Inter Press Service
Large spools of black tubing and plastic-wrapped water tanks lay strewn across a dusty construction site. A handful of Palestinian labourers, speaking quietly in Arabic, shuttle the items to the two unfinished, three-storey apartment blocs behind them.
This is Har Bracha, an illegal Israeli settlement near Nablus, one of the West Bank’s largest Palestinian cities. And on a sunny day this July, construction was moving quickly.
“The bigger and bigger we get, the more difficult it will be to ever evacuate us,” said Yonatan Behar, a resident of Har Bracha, during a press tour of the settlement.
“Ariel [a nearby Israeli settlement] is a city of 20,000 people or more. Who in their right mind would ever think of evacuating a city of 20,000 people? A small community of 300 families [like Har Bracha], that’s possible. But if we get to 1,000 families, and 2,000 families, and 5,000 families, then it’s very, very difficult,” Behar said.
The importance of establishing these “facts on the ground” – which means rapidly building settlements in the West Bank and East Jerusalem – is not lost on the Israeli government.
As Israeli and Palestinian leaders resume negotiations towards a peace agreement, Israel has untaken several steps to strengthen and expand its settlements. How this will impact the so-called peace talks does not seem to be a factor.
Earlier this week, Israel approved construction of nearly 1,000 new housing units in seven different West Bank settlements, and it plans to build 900 more units in East Jerusalem, south of the West Bank city Beit Jala.
The Israeli government has also added several West Bank settlements to its list of so-called priority communities that are eligible for government funding. This includes three settlements that were originally considered outposts – built in violation even of Israeli law – that earned retroactive recognition last year.
Israeli army radio reported that the Israeli population in West Bank settlements grew more than the population inside Israel proper in the first half of 2013, with the settlement population growing by 2.1 percent, compared to just a two percent increase in Israel.
Housing start-ups in West Bank settlements also increased during the first quarter of 2013 by an astonishing 355 percent compared to the last quarter of 2012, according to data from the Israeli Central Bureau of Statistics.
These ongoing and seemingly accelerated efforts to expand Israeli settlements as negotiations re-start show that the Israeli government has no intention of uprooting its sprawling settler population, estimated to number more than 600,000 today.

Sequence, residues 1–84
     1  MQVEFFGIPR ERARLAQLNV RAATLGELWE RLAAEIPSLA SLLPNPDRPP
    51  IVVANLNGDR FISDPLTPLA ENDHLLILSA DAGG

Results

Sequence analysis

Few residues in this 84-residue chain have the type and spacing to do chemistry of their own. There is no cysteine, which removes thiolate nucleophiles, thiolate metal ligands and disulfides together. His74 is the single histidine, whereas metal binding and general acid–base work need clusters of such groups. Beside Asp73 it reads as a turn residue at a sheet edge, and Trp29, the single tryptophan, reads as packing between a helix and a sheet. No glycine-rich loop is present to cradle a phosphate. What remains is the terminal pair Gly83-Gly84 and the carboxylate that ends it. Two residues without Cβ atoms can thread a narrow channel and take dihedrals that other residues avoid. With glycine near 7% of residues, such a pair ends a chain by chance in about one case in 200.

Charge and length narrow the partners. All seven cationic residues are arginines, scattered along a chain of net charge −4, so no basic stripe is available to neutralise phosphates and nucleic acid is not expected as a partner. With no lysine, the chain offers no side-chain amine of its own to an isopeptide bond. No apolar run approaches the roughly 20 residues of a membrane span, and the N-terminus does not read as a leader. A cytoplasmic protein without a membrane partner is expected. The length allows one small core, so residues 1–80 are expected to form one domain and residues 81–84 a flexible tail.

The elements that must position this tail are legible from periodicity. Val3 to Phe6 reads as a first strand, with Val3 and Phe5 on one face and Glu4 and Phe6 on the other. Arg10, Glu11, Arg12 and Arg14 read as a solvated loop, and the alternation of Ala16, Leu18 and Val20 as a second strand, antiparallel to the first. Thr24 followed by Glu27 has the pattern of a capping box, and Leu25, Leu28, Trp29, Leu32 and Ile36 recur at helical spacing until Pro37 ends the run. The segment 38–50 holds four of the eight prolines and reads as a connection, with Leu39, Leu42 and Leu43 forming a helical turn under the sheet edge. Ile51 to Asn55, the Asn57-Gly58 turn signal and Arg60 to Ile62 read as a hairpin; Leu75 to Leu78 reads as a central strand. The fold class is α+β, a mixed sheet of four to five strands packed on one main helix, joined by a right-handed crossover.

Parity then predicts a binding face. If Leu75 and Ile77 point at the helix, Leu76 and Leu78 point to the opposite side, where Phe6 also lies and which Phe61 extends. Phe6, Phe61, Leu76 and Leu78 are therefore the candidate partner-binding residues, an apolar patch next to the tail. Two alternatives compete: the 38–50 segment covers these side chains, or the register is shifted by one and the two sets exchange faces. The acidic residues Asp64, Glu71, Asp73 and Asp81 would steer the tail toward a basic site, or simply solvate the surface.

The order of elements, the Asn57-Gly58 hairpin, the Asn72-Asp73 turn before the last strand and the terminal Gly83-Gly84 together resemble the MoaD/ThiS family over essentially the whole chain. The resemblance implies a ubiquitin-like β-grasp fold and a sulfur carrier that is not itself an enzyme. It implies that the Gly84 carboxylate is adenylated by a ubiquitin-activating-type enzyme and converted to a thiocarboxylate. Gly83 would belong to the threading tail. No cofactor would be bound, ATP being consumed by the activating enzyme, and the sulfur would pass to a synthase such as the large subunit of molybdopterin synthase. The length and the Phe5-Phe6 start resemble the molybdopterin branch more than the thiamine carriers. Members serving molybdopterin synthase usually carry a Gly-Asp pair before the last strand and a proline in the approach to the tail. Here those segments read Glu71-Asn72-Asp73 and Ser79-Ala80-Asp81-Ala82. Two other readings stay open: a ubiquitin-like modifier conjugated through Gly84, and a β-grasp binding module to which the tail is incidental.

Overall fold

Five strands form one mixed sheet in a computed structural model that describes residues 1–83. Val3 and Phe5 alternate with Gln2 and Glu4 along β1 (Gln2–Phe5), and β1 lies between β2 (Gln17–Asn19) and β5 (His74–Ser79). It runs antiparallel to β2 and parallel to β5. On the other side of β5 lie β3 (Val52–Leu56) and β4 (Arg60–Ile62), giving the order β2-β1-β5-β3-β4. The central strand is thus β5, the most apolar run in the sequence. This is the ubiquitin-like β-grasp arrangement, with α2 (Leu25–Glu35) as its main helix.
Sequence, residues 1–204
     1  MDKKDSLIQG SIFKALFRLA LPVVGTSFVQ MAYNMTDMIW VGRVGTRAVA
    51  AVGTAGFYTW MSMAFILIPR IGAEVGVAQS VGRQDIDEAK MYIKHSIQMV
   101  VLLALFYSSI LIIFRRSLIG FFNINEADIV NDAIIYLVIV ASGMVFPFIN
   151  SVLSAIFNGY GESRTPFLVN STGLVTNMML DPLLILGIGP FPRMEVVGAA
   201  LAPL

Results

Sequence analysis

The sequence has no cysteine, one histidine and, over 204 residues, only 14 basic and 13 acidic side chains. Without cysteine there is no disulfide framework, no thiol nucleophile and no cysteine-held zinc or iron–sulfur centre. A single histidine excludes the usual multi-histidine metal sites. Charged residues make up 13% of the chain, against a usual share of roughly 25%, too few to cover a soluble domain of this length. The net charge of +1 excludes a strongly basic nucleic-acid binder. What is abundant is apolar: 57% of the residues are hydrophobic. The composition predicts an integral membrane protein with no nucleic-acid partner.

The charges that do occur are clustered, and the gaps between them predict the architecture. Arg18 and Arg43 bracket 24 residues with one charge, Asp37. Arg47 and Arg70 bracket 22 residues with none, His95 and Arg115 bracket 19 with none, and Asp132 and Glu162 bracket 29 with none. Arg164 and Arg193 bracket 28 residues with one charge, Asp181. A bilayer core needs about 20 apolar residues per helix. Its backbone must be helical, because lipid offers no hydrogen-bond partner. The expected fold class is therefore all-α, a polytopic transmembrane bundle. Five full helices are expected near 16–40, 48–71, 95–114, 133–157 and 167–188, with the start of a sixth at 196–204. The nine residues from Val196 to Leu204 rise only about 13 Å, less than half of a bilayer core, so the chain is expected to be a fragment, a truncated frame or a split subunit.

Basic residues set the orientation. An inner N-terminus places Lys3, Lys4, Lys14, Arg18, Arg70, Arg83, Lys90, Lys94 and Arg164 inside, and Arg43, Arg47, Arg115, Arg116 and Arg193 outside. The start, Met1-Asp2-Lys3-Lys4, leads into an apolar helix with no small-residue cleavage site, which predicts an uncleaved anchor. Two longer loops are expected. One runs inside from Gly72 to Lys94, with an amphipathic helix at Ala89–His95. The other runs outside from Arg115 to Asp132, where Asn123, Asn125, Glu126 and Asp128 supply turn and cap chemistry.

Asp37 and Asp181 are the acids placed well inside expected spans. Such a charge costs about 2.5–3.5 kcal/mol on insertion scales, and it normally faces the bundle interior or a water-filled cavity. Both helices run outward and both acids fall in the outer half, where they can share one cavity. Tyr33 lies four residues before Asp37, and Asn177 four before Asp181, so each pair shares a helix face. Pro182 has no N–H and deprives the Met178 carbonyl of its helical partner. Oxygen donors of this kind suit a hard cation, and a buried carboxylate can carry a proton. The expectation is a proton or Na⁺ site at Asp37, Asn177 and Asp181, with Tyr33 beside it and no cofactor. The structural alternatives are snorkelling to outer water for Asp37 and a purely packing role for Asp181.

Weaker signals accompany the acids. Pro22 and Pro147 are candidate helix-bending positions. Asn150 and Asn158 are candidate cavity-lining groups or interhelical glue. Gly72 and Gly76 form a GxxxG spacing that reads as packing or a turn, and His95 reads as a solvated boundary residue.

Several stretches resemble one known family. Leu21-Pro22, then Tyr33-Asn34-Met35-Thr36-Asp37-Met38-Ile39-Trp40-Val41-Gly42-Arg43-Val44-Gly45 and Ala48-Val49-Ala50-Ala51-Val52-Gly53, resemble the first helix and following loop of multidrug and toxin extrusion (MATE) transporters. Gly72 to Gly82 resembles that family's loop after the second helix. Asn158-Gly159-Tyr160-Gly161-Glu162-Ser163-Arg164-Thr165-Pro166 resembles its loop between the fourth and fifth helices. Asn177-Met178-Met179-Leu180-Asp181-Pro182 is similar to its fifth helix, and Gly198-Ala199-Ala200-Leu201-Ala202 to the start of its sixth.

Instead, Israel continues – as it has done since the settlements were first established decades ago – to flout international law by actively promoting settlement growth, with a complete disregard for the consequences – since there are, in fact, none.
While some have argued that recent promises to build in the settlements are meant to appease right-wing factions within the ruling Israeli coalition government that oppose a return to negotiations, the reality is that negotiations have, since their inception 20 years ago, only facilitated the continuation of Israeli colonial policies.
Indeed, so-called peace talks have historically served as nothing more than diplomatic cover for Israel as it continued to confiscate Palestinian land and expand its settler colonies.
The last major agreement signed between the two parties was the 1993 Oslo Accords. Meant to be only a five-year interim agreement, the Oslo framework is still in place.
Today, it is hard to view Oslo as anything more than a failure. Through Oslo, Israel entrenched its occupation policies, and increased its settler population exponentially.
Between 1993 and 2010, the Israeli settler population in the West Bank and East Jerusalem more than doubled, going from 241,000 to over 500,000, according to Israeli human rights group Btselem.
Many Israeli settlers are unperturbed by the return to negotiations or by the prospects of an agreement; after decades of impunity, many boast just how secure they feel.
“Itamar is continuing to grow throughout the decades. I call it a growth spurt and we haven’t stopped building,” Moshe Goldshmidt, resident of the ideological settlement Itamar near Nablus, told IPS.
Goldshmidt said he has been hearing about possible evacuation of the settlements for 20 years now, but efforts to get them to move only strengthen the settlers’ resolve to stay.
“We’re not going to live in fear,” he said. “We believe very strongly in what we’re doing.”
Jillian Kestler-D'Amours is a contributor to Inter Press Service.